In a previous post I showed how I updated one of my helper classes for accessing table storage to the new Azure SDK. I saw some questions online about how to use TPL with the new SDK so here is a rewritten version of my helper class. This is designed to use the async and await keywords. Here is the full class:

using Microsoft.WindowsAzure;
using Microsoft.WindowsAzure.Storage;
using Microsoft.WindowsAzure.Storage.Auth;
using Microsoft.WindowsAzure.Storage.RetryPolicies;
using Microsoft.WindowsAzure.Storage.Table;
using System;
using System.Threading.Tasks;

public class AzureTableHelper
{
    CloudStorageAccount storageAccount;
    CloudTableClient cloudTableClient;
    CloudTable cloudTable;

    const string TableName = "testruns";

    public class Run : TableEntity
    {
        public Run() : this(Guid.NewGuid(), RunStatus.Unknown) { }

        public Run(Guid runId, RunStatus status) : this(runId.ToString(), status.ToString(), runId.ToString() + ".xml") { }

        public Run(string runId, string status, string outputBlob)
            : base(TableName, runId)
        {
            this.RunId = runId;
            this.Status = status;
            this.OutputBlob = outputBlob;
        }

        public string RunId { get; set; }
        public string Status { get; set; }
        public string OutputBlob { get; set; }
    }

    public AzureTableHelper()
    {
        string accountName = CloudConfigurationManager.GetSetting("StorageAccountName");
        string accountKey = CloudConfigurationManager.GetSetting("StorageAccountKey");

        if (!string.IsNullOrWhiteSpace(accountName) && !string.IsNullOrWhiteSpace(accountKey))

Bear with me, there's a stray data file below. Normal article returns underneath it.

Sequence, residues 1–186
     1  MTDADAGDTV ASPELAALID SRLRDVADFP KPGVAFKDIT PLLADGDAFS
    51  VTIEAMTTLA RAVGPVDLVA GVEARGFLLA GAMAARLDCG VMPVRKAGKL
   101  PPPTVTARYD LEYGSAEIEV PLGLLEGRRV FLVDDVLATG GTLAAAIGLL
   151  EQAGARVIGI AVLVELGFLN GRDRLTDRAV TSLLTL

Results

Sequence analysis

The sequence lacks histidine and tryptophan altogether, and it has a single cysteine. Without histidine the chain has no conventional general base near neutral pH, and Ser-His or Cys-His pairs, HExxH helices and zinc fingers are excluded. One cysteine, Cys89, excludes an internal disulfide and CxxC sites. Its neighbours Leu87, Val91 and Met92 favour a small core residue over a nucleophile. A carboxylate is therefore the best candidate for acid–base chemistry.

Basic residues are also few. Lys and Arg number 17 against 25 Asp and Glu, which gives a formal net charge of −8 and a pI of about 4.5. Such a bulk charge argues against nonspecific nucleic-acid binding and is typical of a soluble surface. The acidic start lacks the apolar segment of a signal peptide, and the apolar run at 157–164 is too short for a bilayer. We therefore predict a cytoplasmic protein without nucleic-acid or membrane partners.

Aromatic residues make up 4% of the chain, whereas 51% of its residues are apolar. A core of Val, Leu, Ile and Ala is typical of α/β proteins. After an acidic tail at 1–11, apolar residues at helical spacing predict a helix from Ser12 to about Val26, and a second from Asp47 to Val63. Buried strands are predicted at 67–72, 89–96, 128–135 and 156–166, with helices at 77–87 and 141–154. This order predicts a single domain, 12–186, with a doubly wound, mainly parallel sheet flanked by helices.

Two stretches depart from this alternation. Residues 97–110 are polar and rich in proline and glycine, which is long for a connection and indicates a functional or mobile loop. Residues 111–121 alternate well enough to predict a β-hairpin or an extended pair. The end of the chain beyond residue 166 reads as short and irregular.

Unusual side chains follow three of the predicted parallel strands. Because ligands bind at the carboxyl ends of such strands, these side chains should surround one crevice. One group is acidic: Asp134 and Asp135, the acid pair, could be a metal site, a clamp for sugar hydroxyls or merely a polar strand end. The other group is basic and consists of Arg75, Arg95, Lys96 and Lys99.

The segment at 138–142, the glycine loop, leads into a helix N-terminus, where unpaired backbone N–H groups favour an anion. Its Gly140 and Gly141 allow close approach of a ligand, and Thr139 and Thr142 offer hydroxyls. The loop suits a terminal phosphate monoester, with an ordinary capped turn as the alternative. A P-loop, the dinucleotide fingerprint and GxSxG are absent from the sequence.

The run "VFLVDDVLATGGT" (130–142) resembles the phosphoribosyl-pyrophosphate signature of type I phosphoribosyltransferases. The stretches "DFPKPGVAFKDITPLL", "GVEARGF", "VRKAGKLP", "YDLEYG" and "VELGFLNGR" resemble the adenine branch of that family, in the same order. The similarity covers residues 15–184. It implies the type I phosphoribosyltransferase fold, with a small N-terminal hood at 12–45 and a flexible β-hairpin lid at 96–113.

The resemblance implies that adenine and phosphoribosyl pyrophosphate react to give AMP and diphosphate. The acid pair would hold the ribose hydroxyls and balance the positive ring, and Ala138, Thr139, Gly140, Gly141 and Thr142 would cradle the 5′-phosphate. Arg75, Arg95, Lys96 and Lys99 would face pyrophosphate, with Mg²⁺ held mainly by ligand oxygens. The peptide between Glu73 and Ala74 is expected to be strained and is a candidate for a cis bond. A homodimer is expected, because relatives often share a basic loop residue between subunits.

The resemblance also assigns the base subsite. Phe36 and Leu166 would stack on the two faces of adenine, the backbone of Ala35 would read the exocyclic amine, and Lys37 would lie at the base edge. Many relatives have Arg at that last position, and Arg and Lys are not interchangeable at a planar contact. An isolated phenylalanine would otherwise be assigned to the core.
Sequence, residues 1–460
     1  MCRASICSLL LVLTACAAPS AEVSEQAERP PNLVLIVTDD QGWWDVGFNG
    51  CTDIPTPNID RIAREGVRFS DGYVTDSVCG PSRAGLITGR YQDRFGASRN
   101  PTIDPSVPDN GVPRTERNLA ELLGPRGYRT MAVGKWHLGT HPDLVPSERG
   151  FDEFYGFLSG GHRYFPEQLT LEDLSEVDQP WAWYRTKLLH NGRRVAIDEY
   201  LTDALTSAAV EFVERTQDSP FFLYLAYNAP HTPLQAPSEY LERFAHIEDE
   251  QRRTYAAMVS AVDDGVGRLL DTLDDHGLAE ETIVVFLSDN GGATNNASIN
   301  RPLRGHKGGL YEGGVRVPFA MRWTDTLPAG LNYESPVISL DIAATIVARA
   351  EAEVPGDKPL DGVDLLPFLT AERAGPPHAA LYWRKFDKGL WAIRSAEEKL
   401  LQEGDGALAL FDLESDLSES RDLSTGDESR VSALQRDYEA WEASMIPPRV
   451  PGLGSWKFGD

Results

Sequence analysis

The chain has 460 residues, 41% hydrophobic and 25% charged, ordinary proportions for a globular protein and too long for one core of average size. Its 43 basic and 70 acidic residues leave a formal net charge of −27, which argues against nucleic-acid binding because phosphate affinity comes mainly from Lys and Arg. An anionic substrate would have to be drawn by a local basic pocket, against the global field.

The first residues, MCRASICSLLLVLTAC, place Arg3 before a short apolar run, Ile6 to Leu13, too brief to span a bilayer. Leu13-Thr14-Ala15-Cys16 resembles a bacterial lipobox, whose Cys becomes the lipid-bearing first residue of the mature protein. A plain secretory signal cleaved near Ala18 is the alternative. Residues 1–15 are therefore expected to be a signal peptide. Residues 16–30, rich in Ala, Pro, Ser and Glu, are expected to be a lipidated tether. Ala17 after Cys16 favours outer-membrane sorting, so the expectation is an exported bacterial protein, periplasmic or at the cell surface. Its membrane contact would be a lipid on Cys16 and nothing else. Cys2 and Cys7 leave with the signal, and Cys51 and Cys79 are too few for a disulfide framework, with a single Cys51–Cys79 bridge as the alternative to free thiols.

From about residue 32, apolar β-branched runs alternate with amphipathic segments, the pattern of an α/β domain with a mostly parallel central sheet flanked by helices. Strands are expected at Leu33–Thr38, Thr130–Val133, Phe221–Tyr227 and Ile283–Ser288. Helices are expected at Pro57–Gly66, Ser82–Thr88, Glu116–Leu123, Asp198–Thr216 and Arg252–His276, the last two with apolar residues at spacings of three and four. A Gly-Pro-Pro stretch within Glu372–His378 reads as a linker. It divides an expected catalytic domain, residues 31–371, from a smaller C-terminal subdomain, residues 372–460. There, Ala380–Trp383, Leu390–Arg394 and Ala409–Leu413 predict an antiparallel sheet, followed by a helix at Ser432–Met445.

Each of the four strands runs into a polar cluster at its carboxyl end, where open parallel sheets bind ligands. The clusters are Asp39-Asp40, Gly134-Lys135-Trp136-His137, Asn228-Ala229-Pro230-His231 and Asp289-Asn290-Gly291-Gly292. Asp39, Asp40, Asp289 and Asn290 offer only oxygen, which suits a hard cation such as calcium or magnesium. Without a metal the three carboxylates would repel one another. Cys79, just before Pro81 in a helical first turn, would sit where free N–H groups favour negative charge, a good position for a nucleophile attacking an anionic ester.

{
            this.storageAccount = new CloudStorageAccount(new StorageCredentials(accountName, accountKey), false);
        }
        else
        {
            this.storageAccount = CloudStorageAccount.DevelopmentStorageAccount;
        }

        this.cloudTableClient = this.storageAccount.CreateCloudTableClient();
        this.cloudTable = this.cloudTableClient.GetTableReference(TableName);
        this.cloudTable.CreateIfNotExists();
    }

    public async Task<TableResult> AddRun(Guid guid, RunStatus runStatus)
    {
        Task<TableResult> task = Task<TableResult>.Factory.FromAsync(
            this.cloudTable.BeginExecute,
            this.cloudTable.EndExecute,
            TableOperation.Insert(new Run(guid, runStatus)),
            new TableRequestOptions() { RetryPolicy = new LinearRetry(TimeSpan.FromSeconds(3), 3) });
        return await task;
    }

    public async Task<TableResult> UpdateRun(Guid guid, RunStatus runStatus)
    {
        Run run = await this.GetRun(guid);
        Task<TableResult> task = Task<TableResult>.Factory.FromAsync(
                this.cloudTable.BeginExecute,
                this.cloudTable.EndExecute,
                TableOperation.Replace(run),
                new TableRequestOptions() { RetryPolicy = new LinearRetry(TimeSpan.FromSeconds(3), 3) });
        return await task;
    }

    public async Task<Run> GetRun(Guid guid)